While Anne does not question that race and racism are very real facts of life, she does show how absurd and arbitrary racial distinctions are. During Anne’s childhood, many whites publicly argued that blacks were genetically inferior to whites. One of the most memorable episodes of Coming of Age is when Anne, as a child, has her white friends undress so she can examine their genitalia for the secret of their better luck in life. Her reasoning is logical: it is not at all evident why they should be better off than blacks, and that is the only part of a white person’s body or life she has not seen. The fact that so many blacks have at least some white ancestry serves to highlight how arbitrary a distinction race really is.
When blacks refuse to band together to improve their situation, improvement becomes difficult if not impossible. Throughout Coming of Age, Anne is repeatedly frustrated by how willing blacks are to accept injustice. This includes her family, as well as numerous other blacks who work to perpetuate racial inequalities despite being black themselves. Anne is also shocked by the fact that lighter-skinned blacks try to give themselves a social distinction relative to darker-skinned blacks. They all share a common oppression at the hands of whites.
One of the most important themes of Coming of Age in Mississippi is the destructive power of prejudice. There is the prejudice of whites against blacks, and also the prejudice of lighter-skinned blacks toward darker-skinned blacks, and of people with money against poorer people. Anne experiences each kind of prejudice, which causes her great pain. In fact, being the victim of prejudice tends to prejudice Anne herself against whites and lighter-skinned blacks. Her prejudice is demonstrated by the fact that she nearly refuses to attend Tougaloo College, the place where she joins the civil rights movement, because she fears that it has too many light-skinned black students. She also distrusts her professors because they are white, and the Reverend Edward King, who is, worse yet, a southern white. Finally, after meeting lighter-skinned blacks and whites who do not look down on her, Anne accepts that not all members of these groups are untrustworthy. However, prejudice nearly costs her important opportunities in her life, and makes her a suspicious and pessimistic person.
Moody repeatedly uses food to remind readers of the extreme poverty in which she grows up. For most of her childhood, Moody and her family live a hand-to-mouth existence. On many days, they truly eat nothing but bread and beans. In good times, they supplement their diets with table scraps and milk or peanut butter from middle-class white families. Moody rarely makes any mention of the suffering that accompanies this deprivation, but the details alone are enough to make the reader dizzy.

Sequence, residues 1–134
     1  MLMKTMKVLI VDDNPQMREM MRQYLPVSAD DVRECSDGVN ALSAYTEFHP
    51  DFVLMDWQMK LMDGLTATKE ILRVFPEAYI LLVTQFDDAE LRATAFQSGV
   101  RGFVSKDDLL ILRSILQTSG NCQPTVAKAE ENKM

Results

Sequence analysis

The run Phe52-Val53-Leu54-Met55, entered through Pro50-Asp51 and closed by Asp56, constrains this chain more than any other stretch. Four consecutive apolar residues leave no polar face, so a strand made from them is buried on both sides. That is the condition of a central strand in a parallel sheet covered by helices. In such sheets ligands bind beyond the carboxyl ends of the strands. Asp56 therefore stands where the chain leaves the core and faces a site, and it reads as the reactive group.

Food is also used to mark the powerful distinctions in status between blacks and whites. Food is representative of the difference in wealth between blacks and whites, as when the Moody family survives on the white Cook family’s table scraps, and Toosweet steals corn meant for the Cooks’ cows. Food is also indicative of how dependent middle-class white families are on blacks: Moody notes that these families seem unable to cook for themselves, and many do not even know how to prepare food hygienically. Moody also uses food to draw attention to the low regard in which some whites hold blacks, as when a white woman lets her cats drink out of the vat of milk that she then sells to black people. Generosity with food is also a sign that a white person is kind to blacks, as when the Claibornes invite Anne to dinner, and Mrs. Claiborne gives her candy and hot dogs.
Skin-color gradations among blacks greatly affect the characters in Coming of Age. Lighter-skinned blacks, whom Anne calls “mulatto” or “yellow,” often try to carve out a higher social status for themselves, despite the fact that they are legally no better off than blacks relative to whites. Thus, the motif of skin color draws attention to an important theme of Coming of Age: the evil of disunity in the black community. The fact that so many blacks look almost like white people also highlights another important theme: that racial distinctions are ultimately absurd, since they are socially constructed and have no real basis in physical reality. Finally, the fact that some lighter-skinned blacks are prejudiced against darker-skinned blacks, and that Anne herself becomes so suspicious of lighter-skinned blacks that she herself becomes prejudiced, serves to highlight the theme of how destructive prejudice can be.